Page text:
Player movement is often justified as a response to the ruthless reality of trades. It usually comes in the form of a plyer comparing something like "when a team trades a player that's business, but when a player requests a trade or leaves in free agency, then he's a traitor." There is merit to that point, but it leaves out the fact that GM's do get criticized for trades, a lot.
A prime example would be Danny Ainge trading Isaiah Thomas. IT played hurt, played after his sister passed away, gave everything he had and then got traded to the Cavs. A cold move by Trader Danny. This move labeled him so much that Anthony Davis' father used it as a reason why his son doesn't want to go to Boston. But, Paul Pierce has a different opinion on Danny (via The Jump):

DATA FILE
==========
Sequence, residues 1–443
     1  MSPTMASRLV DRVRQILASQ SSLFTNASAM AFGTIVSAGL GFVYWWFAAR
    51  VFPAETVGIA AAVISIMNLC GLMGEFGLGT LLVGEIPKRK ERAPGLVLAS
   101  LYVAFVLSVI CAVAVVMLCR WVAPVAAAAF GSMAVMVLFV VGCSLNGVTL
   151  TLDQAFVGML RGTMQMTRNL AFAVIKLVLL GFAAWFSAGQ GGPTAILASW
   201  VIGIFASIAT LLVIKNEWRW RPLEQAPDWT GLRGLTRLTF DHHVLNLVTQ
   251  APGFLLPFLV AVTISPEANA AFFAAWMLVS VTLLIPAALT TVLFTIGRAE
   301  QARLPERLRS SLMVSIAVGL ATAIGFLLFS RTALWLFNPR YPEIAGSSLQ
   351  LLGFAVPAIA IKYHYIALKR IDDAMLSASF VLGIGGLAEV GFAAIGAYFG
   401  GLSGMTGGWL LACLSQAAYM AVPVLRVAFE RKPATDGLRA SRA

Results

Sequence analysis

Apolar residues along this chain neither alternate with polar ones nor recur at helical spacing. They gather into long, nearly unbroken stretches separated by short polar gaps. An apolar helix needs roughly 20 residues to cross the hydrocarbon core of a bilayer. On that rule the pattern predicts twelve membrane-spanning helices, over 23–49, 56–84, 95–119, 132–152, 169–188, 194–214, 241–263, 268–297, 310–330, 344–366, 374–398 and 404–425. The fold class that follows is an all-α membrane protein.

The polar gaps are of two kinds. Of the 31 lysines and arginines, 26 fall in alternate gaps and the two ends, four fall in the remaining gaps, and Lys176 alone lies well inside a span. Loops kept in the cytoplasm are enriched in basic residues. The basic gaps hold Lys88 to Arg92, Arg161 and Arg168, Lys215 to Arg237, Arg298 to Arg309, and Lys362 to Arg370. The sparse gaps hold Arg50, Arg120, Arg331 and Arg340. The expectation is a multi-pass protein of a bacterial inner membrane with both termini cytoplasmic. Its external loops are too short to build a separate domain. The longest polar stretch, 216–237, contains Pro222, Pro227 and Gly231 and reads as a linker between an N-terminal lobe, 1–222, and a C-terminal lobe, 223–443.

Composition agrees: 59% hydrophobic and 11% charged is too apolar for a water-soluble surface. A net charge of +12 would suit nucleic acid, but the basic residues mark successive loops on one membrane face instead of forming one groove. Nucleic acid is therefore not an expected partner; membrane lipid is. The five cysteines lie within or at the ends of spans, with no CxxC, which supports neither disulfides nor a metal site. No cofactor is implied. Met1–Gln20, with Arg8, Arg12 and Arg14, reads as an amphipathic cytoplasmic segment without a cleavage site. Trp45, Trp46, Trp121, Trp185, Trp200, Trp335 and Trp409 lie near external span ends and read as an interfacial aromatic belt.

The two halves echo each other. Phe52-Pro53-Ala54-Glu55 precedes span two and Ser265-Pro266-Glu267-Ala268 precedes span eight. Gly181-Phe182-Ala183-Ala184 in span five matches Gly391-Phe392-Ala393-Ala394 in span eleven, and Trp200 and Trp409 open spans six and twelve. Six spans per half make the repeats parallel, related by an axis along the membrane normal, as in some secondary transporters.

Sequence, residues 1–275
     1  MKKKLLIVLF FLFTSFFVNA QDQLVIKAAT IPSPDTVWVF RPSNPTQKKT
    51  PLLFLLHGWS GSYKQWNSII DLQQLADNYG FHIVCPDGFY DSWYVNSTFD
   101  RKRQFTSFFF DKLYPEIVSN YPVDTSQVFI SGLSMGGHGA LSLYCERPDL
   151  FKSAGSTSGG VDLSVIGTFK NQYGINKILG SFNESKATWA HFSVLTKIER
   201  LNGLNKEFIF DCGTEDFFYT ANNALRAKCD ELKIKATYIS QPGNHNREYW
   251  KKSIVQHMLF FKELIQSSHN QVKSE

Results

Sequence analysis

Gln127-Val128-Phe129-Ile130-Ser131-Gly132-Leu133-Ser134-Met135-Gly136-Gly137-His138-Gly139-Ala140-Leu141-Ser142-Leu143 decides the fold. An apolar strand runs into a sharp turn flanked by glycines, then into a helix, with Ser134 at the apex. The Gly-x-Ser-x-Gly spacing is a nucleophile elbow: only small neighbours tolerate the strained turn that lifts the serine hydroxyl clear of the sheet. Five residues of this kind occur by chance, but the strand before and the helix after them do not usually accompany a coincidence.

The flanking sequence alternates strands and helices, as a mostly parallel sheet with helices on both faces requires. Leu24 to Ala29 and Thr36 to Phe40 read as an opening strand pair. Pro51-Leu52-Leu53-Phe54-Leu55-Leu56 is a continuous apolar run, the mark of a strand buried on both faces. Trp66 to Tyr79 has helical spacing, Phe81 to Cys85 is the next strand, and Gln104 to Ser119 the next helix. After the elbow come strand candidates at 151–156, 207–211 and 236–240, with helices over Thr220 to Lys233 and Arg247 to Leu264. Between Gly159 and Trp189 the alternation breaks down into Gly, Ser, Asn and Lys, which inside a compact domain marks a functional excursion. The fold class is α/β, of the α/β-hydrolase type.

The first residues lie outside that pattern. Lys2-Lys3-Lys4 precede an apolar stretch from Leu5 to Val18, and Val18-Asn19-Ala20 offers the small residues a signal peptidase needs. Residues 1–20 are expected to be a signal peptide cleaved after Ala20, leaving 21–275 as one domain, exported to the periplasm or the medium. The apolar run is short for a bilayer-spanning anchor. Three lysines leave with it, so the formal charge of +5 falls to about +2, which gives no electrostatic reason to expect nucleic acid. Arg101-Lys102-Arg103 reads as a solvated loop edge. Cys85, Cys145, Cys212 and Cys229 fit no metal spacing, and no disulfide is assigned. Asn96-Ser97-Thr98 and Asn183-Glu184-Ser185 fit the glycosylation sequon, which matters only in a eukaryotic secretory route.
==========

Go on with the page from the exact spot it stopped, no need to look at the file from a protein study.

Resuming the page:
This is why I respect Danny Ainge because Danny Ainge had a meeting with me, Ray and Kevin and said 'You know, you're getting older. I may have a situation where I might have to trade you guys.' and I respect that. He didn't come out and say 'These guys are not going anywhere.'
Pierce pointed out the DeMar DeRozan or Blake Griffin scenario is much worse. You tell a player he's your franchise guy, promise him he isn't on the trade block and then you brake that promise. We have more and more players finding out from Woj with everybody else. Ainge may be ruthless but he always does what he thinks is best for the team.
It's how you go about the trade that matters as much as do you trade a player in the first place.